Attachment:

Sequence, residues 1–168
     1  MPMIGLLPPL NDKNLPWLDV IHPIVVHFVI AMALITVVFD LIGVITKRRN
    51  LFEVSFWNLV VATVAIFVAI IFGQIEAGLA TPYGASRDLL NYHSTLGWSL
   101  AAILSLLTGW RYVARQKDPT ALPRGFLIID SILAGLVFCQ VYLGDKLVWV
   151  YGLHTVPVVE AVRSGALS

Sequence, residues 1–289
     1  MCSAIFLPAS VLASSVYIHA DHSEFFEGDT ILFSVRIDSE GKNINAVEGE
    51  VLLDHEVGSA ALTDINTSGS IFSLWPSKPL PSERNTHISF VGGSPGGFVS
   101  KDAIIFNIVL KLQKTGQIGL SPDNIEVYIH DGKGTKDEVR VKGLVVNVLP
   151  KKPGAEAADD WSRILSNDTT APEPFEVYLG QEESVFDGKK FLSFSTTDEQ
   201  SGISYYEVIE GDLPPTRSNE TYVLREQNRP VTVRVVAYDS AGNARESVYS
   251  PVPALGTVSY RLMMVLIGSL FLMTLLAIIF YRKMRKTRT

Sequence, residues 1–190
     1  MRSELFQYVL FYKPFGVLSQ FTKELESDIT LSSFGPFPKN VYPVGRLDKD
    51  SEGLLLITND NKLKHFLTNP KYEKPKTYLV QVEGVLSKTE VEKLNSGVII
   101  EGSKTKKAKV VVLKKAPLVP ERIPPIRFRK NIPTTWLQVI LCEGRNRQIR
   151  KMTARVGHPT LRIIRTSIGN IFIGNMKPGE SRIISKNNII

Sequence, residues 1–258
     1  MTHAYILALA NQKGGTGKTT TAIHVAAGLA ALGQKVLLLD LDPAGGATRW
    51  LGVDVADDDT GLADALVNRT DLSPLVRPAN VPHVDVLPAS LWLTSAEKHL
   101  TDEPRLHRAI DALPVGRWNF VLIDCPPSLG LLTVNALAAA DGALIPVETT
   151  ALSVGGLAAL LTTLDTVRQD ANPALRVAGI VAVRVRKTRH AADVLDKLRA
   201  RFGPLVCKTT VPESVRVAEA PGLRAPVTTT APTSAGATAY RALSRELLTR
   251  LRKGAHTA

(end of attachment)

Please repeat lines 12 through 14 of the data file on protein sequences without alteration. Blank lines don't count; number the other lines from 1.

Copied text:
   251  PVPALGTVSY RLMMVLIGSL FLMTLLAIIF YRKMRKTRT

Sequence, residues 1–190
     1  MRSELFQYVL FYKPFGVLSQ FTKELESDIT LSSFGPFPKN VYPVGRLDKD